But there are an inumerable number of things to learn, perhaps something else tickles your fancy more than bsp trees and geomipmapping, like pathfinding or terrain texturing


Indeed, so if you were learning about pathfinding or terrain texturing, you wouldn''t bother researching on new terrain rendering techniques. I don''t see how stating that strengthens your argument...

Still not convinced. Sorry.

Death of one is a tragedy, death of a million is just a statistic.

Share this post


Link to post
Share on other sites
no reason to be sorry.

where can I read about this 3 layer cliff thing you are talking about. I''d like to see what the results look like. I thought of this myself but I thought it would look lousy after some quick tests I did on my own, and decided to just go with two layers so I could make an underground cave.

Share this post


Link to post
Share on other sites
I haven''t actually seen any papers on it, myself and a collegue talked about the concept for a while. Basically, you have a primary heightmap that defines the world. You can then, optionally, have two other heightmaps ( lets call them B and C ) that define complexities ( overhangs, caves etc ). You calculate the... Intersection IIRC of B and C, then render it ontop of A. The intersection of B and C will produce the profile of the overhang you desire. If B and C are chosen correctly, then you can produce decent overhangs and caves. I haven''t implemented this yet, but it''s soon on my things-to-do list. Once I have, and if it works well, I think I might write and article on it, as I haven''t seen any around.

Death of one is a tragedy, death of a million is just a statistic.

Share this post


Link to post
Share on other sites
Yeah. But you can make it look better than that. That looks... Too... Hollow if you know what I mean. Using 3 heightmaps gives you a thickness to the ceiling of caves and such.

Death of one is a tragedy, death of a million is just a statistic.

Share this post


Link to post
Share on other sites
Well, I decided it wasn't worth putting the effort into it.

There are a couple problems I see with this approach, which is why I gave up with it and went with just a hole in the ground and then modelling a cave entrance and putting a "cap" on it.

The first is it takes an enormous amount of effort to model a cave entrace using heightmap editing techniques. This cave entrance alone took me probably 30 minutes to an hour. Granted it could be made easier, using a tool more tailored to it, it would still be clumsy compared to modelling it in a modelling package.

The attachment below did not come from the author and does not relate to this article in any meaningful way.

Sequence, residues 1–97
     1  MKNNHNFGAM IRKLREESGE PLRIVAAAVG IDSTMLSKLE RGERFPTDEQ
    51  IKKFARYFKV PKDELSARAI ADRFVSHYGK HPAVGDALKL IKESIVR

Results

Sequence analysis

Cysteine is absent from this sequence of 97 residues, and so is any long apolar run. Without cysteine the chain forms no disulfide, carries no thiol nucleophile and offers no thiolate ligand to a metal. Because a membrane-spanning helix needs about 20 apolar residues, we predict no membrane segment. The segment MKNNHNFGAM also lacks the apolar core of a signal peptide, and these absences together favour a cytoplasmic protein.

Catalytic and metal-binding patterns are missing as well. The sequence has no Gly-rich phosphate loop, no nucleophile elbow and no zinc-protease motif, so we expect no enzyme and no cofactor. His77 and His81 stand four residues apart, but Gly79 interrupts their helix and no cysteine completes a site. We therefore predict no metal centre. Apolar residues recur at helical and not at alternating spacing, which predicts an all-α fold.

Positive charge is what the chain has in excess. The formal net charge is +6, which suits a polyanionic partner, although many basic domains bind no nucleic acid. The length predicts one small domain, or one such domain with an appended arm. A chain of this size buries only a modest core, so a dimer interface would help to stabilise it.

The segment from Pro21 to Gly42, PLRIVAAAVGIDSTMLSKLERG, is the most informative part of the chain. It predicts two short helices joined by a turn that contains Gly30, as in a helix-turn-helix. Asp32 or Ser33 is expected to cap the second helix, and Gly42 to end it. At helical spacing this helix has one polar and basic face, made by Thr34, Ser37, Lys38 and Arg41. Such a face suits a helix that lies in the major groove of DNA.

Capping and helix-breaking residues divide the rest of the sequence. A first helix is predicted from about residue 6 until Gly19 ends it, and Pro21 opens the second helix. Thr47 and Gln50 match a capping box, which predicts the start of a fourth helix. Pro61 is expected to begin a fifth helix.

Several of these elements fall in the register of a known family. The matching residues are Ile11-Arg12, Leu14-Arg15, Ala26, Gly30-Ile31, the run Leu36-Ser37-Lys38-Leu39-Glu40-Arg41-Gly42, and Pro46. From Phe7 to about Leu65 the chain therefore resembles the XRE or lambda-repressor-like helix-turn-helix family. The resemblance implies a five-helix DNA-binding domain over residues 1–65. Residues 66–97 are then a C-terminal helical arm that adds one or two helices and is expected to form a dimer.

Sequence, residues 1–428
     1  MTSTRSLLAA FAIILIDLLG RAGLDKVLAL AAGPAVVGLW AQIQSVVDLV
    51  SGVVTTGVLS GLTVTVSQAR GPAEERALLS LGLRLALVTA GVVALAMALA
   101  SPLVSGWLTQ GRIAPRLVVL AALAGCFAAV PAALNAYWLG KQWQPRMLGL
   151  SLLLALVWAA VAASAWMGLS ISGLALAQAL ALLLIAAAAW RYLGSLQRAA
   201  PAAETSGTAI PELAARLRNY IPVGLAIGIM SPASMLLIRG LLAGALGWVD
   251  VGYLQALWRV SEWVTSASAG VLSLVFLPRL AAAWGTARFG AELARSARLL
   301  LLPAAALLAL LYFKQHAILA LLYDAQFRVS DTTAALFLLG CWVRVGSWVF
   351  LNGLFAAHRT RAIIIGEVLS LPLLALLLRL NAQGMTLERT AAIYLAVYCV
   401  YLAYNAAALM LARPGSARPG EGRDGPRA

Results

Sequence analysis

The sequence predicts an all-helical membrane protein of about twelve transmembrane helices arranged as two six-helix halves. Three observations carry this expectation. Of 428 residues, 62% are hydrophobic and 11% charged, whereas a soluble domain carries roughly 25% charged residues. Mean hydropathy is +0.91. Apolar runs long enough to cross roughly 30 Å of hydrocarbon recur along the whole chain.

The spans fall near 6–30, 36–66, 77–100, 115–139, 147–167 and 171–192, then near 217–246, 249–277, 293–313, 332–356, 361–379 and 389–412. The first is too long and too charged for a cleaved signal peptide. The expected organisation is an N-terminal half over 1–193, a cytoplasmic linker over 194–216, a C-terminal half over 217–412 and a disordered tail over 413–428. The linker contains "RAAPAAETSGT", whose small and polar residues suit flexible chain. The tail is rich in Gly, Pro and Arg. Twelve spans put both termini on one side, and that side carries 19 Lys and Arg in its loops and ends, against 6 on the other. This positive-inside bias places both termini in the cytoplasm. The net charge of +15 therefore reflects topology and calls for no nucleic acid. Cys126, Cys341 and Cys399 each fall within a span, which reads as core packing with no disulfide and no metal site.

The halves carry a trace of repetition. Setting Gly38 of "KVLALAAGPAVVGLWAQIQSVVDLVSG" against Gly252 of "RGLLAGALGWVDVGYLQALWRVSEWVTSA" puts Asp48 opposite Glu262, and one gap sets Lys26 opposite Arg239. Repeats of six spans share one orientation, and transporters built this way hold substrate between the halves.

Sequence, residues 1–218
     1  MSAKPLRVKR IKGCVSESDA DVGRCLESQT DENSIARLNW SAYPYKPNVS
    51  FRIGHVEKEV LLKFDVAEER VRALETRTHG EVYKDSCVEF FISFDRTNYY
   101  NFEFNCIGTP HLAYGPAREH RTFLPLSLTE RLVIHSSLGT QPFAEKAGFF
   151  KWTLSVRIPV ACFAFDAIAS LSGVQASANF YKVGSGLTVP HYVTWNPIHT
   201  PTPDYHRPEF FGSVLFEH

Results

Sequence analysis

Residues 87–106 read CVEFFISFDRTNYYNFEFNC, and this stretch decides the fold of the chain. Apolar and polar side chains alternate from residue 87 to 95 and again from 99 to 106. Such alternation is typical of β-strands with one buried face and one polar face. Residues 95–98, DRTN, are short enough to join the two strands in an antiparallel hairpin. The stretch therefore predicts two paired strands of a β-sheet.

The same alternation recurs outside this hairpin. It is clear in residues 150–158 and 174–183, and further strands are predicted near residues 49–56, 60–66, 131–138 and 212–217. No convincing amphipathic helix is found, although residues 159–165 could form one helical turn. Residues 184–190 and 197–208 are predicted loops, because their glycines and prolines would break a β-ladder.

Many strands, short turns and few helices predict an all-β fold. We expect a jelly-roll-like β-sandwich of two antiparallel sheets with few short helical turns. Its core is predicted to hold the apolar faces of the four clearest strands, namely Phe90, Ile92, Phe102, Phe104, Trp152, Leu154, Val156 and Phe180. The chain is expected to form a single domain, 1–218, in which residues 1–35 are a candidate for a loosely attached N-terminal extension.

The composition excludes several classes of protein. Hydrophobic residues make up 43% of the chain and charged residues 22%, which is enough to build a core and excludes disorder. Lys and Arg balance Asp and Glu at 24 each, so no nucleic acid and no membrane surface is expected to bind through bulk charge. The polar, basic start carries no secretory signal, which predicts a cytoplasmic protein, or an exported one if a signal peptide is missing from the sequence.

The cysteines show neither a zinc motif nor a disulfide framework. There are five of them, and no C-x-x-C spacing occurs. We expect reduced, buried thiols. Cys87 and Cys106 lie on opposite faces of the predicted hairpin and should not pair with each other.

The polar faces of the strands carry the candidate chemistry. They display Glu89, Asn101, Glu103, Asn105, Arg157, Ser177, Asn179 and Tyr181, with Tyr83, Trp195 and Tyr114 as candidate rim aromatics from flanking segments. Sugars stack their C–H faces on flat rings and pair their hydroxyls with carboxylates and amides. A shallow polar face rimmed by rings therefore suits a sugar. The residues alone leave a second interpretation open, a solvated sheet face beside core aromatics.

The second is how would it be textured. If you are going to use the technique you use for the rest of your ground its going to look bad, if you are going to have some other texturing method, then, once again, it sounds more like a model then part of the terrain and would probably look better with a cap.

Third heightmapping usually has a uniform spaced mesh. And even if you make it deformable (which mine is), in order to get the required polygons you would have to pull the terrain from all around to the cave entrance. And this requires a lot of work.

I wish you the best if you want to try it, but I really doubt what you are thinking will work, and thought I would maybe save you the trouble of finding out on your own. Especially since I thought of what I think is basically the same idea and have already attempted to make it work, and realize the difficulties with it.

[edited by - Xanthen on January 22, 2003 6:34:06 PM]

Share this post


Link to post
Share on other sites
Xan you wouldnt happen to have a source sample of your terrain engine or at least of the techniques we talked baout so far? Would yeah?

Thanks

Share this post


Link to post
Share on other sites
Hmmm.... I feel I can resolve the other issues. Stitching the two heightmaps to the terrain is easy enough, thats barely a problem at all. The texturing... I don''t feel is that much of a problem to be honest, nothing I couldn''t sort out. The generating of the heightmaps themselves... Now, that is more differcult. You have a good point there. Still, with a few tools, I reckon I could make it a passable chore.

Ok, I''m going to start this pretty soon, say within the next couple of weeks. I''ll let you know how I get on ( You''ve got me interested in it again! ).

Death of one is a tragedy, death of a million is just a statistic.

Share this post


Link to post
Share on other sites
quote:

Ok, I''m going to start this pretty soon, say within the next couple of weeks. I''ll let you know how I get on ( You''ve got me interested in it again! ).



I''m sorry cause thats the exact opposite of what I was trying to do. Ultimatly its a crappy idea. No need to feel like I''m flaming because I had the exact same idea and had to try it myself.


Ansi2000 I would but I''m still looking for a job, and until then I want to keep my source to myself. If you want to ask a question I''ll answer but beyond that, I''m going to have to say no. Hopefully I''ll be hired in a month or 2, I know things are looking good right now.


Share this post


Link to post
Share on other sites

  • Advertisement